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26 of 29 people found the following review helpful
4.0 out of 5 stars More than you expect for $50, but not perfect, August 23, 2012
The UV5R is a miracle. How can so many features be sold for so little?
What you get is a pretty decent in-town repeater radio.
It's no Kenwood or ICOM, but it does work.
It's tiny antenna isn't so great for rural repeater or simplex use.

Pro:
Decent sound/transmit audio.
Seems well made, good guality feel transceiver.
Talking prompts for buttons for night.
Good battery life
Uses Kenwood HT accessories
Can actually hit the satellites with dual band
Works with CHIRP shareware programming software(still in beta only)
FM radio and light can be useful

Con:
Low gain OEM duck, reverse SMA connector limits replacements
Cheap charger has easily bent/broken contacts. No car charger available.
Incredibly bad manual, complex to program manually
Poor included software
Transmit for more than a few minutes, and the screen goes dark (LCD temperature issue)
USB programming cable is often made with counterfeit chips, may have issues with Win7 driver install
USB response does not always work, buggy upload/download, sometimes it works, sometimes it doesn't
Seems a bit sensitive to impulse noise.
Firmware not upgradable, new firmware is already out but older radios may not have it

But hey, its a knock around who cares about it radio for $50. REALLY
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24 of 27 people found the following review helpful
3.0 out of 5 stars Good but not great, August 15, 2013
Verified Purchase(What's this?)
Sadly I could only give them 3 stars because one of the two charging units was\is defective. I contacted the vendor, thru Amazon, and they had no replacement unit to send me. That leaves returning the whole order, paying shipping and insurance etc. The problem is that the faulty charging unit costs less than $10.00 and it would cost me much more to send the order back than to just live with a bad charger.
The radios and the other part of the order are fine, too bad tho about the one charger.

After 4 days I pulled out my micro-tip soldering iron and magnifying light\lens and opened up the charging base. The soldering job I found inside certainly would not win any awards. Talk about cold solders. A touch-up on all the solder points\connections I could find, 5 minutes time to do the work, reassemble and test the base and it now works. So much for quality control and unit testing before shipping.

Still rating at 3 stars as some people may not have access to the equipment needed to repair the charging base and honestly I'm really surprised that it was something as simple as a cold solder joint.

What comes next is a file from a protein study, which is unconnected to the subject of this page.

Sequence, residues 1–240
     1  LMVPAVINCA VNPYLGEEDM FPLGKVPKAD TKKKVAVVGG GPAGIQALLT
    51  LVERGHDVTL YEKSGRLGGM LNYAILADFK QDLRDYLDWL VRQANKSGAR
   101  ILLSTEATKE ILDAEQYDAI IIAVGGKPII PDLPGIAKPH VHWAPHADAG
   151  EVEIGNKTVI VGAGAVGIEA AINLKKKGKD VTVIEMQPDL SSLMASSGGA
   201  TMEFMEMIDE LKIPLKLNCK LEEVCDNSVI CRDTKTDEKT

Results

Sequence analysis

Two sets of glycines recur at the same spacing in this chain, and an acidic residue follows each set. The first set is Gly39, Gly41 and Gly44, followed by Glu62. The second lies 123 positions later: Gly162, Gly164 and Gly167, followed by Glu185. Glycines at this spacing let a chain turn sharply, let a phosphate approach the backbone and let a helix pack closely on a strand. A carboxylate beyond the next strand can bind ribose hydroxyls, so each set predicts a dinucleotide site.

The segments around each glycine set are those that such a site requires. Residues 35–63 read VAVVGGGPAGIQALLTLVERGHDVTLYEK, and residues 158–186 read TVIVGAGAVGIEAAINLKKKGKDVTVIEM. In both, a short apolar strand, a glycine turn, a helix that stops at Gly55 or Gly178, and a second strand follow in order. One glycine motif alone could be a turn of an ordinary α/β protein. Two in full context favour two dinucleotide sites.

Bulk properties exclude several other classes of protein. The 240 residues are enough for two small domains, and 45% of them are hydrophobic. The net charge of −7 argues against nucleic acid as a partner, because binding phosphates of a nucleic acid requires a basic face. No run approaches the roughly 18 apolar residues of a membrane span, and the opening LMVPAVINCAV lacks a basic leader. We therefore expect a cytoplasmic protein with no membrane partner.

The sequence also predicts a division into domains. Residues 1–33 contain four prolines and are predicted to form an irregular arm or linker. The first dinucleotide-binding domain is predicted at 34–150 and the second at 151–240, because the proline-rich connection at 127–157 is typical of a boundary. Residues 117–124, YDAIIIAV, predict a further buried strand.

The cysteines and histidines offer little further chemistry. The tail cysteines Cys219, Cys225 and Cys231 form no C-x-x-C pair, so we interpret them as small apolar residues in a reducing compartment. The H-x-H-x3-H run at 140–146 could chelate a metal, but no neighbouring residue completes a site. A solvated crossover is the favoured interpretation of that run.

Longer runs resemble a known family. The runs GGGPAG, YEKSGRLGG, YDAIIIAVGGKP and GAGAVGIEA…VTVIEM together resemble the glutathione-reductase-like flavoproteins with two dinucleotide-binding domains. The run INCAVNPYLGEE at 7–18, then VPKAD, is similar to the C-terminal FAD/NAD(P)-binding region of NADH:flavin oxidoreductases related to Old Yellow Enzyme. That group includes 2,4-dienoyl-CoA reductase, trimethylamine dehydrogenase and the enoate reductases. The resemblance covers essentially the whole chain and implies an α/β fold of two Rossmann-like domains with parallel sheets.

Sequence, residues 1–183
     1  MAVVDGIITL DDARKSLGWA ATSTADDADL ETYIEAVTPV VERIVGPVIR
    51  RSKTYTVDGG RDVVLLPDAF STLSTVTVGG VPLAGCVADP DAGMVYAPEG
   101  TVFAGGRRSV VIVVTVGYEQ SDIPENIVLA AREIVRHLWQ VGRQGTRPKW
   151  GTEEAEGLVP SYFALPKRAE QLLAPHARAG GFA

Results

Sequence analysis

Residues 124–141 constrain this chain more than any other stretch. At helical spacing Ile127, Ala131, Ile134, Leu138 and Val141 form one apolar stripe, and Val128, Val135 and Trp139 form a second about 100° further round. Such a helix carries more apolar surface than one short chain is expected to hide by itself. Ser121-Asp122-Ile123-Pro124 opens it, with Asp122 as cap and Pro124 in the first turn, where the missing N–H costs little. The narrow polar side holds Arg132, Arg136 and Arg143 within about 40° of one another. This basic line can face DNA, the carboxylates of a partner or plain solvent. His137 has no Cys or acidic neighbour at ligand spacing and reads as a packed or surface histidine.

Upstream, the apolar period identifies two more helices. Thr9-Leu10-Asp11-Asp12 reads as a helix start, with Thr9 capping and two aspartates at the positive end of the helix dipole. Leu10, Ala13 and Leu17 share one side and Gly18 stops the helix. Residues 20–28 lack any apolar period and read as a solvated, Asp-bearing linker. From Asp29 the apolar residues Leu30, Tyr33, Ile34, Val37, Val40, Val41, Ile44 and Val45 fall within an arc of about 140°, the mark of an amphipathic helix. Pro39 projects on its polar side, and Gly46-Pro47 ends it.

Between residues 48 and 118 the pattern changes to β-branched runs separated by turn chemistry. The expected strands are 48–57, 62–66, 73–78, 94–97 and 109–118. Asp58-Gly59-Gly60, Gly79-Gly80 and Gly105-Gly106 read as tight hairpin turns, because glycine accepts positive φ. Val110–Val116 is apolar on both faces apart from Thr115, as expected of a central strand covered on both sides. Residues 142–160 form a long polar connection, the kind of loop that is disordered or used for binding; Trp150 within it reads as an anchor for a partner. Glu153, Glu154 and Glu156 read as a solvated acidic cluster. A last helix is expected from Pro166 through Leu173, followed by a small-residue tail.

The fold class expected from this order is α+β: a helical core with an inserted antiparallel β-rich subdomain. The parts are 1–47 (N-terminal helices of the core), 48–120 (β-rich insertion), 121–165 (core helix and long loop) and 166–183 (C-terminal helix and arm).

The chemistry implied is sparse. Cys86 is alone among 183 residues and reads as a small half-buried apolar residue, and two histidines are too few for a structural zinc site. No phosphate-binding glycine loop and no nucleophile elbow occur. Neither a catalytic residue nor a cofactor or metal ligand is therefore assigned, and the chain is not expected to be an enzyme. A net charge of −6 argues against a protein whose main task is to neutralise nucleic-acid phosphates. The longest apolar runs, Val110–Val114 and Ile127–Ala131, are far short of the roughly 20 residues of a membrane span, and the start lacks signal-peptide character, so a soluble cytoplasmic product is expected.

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15 of 16 people found the following review helpful
5.0 out of 5 stars Incredible bargain, September 19, 2012
I have to be honest. Despite the positive reviews, I was not expecting much when I ordered the BAOFENG UV-5R. When I received it, I was pleasantly surprised, if not shocked, how well this radio works. The radio comes with all the usual accessories. The user manual is the worst user manual I've ever seen with a radio. My advice, throw it in the garbage and head over to the UV-5R Yahoo! Group. There, you can download tips and instructions that will actually show you how to use the radio. I do not have the programming cable and software, so I had to program my radio manually. Despite reading how next to impossible this is to do, I did not find it that bad. Yes it is quirky compared to my Japanese radios, but using the quick tips I found on the Yahoo! group, I had dozens of repeaters programmed in the radio in about an hour or so. Once programmed, the performs as good as my much more expensive HT's. The radio is easily a 5 star radio for the price. My only caveat would be for a new HAM buying this radio for his/her's first radio. Its somewhat non-conventional operation might overwhelm some people. Here are the Pros and Cons I've encountered:

Pros:
Price, price, price!
Very good audio on TX and RX.
Great battery life.
Good sensitivity and selectivity.
Great features.
Expanded TX without modification.
Did I mention price?

Cons:
Mediocre build quality.(but fine for the price)
Programming cable not included.
Very quirky programming without the cable.
Completely useless manual.
Channel skip and alpha tags only available using the programming software.
SMA Female antenna instead of standard SMA Male antenna.
Very slow scan speed.
Useless squelch control.